Other woodland areas
Kergord includes the oldest and largest group of woodlands in Shetland, first planted in the early 20th Century. The area certainly has Shetland’s tallest trees, with Sitka spruce approximately 20m tall; there are many mature Japanese larch, sycamore, some Noble fir, Wych elm, ash, whitebeam and Horse chestnut. Recent additions include birch, rowan and alder, and specimens of oak, Southern beech, Japanese cedar, and Oriental rowans and maple.
How to get there
A community woodland was planted from 2001 onwards, along the west and north shores of the Loch of Clickimin in Lerwick. This again features native trees, predominantly birch of Icelandic origin, alder and Shetland native willow.
Originally an experimental shelterbelt first planted in 1953 with Sitka spruce and Lodgepole pine, the site began to suffer progressive windblow in the 1980s. The Trust has cleared most of this, and planted extensions on either sided in 1995-6, composed of a mixture of broadleaves in a matrix of conifer ‘nurse’ species. These have grown so well that some judicious thinning out is required.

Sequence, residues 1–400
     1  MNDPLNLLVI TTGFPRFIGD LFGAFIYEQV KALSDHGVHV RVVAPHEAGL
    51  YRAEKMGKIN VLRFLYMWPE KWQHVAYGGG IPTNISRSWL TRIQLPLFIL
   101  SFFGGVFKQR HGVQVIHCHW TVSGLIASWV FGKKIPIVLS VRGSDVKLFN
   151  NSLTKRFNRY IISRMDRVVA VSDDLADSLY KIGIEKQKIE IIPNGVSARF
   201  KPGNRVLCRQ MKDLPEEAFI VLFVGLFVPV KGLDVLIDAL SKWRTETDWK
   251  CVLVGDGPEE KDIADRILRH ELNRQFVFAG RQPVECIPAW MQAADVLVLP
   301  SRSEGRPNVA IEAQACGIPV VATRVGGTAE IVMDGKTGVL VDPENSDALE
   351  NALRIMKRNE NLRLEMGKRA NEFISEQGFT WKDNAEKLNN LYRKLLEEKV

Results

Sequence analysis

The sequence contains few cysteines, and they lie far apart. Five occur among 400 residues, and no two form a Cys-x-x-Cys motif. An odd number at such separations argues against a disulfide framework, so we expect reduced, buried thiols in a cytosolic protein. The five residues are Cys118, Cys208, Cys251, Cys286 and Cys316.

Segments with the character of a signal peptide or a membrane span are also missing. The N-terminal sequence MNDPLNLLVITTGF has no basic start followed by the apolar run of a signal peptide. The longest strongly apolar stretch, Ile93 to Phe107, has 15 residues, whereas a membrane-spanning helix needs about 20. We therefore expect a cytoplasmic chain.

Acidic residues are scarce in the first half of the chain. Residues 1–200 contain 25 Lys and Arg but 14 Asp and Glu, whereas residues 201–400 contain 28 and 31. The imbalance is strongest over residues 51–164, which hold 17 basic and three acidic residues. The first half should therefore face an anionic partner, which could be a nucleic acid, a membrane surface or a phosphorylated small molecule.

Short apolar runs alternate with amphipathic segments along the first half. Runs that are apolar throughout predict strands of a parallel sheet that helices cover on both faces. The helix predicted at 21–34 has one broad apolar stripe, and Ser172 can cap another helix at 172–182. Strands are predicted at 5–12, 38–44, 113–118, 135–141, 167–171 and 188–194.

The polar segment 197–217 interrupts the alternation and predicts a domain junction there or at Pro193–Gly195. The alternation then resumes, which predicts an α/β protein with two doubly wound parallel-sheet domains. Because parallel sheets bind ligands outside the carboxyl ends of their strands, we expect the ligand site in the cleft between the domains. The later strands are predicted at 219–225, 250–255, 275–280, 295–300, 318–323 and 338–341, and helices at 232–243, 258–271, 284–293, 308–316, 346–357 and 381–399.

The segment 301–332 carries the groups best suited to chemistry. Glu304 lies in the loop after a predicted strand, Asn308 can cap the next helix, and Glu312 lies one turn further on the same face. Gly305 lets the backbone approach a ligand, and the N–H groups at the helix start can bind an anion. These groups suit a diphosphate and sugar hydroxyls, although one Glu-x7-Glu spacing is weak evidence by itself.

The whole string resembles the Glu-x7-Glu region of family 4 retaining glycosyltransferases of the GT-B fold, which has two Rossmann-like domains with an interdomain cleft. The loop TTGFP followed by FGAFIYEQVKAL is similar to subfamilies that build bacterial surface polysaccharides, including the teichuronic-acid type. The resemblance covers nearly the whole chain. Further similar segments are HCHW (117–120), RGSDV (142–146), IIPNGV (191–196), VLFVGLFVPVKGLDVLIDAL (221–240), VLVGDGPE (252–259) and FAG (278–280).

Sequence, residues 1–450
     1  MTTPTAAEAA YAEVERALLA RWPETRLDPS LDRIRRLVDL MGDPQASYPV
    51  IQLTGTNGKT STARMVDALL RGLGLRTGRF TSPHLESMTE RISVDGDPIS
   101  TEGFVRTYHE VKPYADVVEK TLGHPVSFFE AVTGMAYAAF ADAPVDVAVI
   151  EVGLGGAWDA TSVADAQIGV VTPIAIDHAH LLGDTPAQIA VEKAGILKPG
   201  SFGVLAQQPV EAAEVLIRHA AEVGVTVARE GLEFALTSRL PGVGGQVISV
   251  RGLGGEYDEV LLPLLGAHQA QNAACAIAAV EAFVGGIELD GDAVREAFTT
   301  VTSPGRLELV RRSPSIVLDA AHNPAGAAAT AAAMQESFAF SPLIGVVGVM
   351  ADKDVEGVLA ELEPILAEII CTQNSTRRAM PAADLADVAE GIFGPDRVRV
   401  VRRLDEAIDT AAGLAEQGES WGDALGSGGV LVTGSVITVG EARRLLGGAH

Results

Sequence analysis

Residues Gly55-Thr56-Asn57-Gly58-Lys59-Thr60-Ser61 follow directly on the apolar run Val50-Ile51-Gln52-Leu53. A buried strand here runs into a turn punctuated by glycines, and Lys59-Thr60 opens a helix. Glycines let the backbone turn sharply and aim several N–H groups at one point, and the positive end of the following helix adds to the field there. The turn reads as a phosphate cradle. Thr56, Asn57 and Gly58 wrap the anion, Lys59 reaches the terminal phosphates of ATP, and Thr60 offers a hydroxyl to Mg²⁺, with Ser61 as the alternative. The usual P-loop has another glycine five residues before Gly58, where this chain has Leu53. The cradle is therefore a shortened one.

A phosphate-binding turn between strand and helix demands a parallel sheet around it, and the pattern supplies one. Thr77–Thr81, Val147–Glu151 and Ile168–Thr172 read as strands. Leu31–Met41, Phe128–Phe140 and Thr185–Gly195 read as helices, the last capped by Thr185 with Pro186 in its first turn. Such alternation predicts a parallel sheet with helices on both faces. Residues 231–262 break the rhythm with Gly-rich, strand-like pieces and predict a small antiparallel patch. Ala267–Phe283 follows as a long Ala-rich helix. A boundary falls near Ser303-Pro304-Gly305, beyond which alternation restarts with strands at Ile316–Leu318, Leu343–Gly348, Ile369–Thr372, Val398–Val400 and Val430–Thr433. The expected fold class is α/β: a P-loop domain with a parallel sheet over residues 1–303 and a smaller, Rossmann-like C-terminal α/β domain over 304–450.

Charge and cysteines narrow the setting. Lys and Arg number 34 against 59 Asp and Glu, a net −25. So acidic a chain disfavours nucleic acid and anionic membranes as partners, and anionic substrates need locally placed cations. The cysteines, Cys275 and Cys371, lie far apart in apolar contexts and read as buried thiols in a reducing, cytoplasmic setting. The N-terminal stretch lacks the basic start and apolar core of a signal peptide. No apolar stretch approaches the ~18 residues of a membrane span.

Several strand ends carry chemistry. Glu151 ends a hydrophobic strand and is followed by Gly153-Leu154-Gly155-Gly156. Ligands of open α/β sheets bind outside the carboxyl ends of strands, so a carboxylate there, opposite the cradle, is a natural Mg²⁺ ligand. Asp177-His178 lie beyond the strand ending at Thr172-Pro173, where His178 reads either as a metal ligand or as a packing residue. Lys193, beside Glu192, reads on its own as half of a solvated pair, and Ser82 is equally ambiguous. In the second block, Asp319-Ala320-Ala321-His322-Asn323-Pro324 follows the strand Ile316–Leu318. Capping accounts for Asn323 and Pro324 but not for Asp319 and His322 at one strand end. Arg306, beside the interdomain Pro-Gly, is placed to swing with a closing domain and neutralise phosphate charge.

Situated between Walls and Sandness, this mixed open woodland is a welcome stop on the west side.
And even more woodlands
For more locations and more information, please visit the woodland guide from the Shetland Community Wildlife Group. You will be able to download a leaflet that describe the different woodlands and how to get there!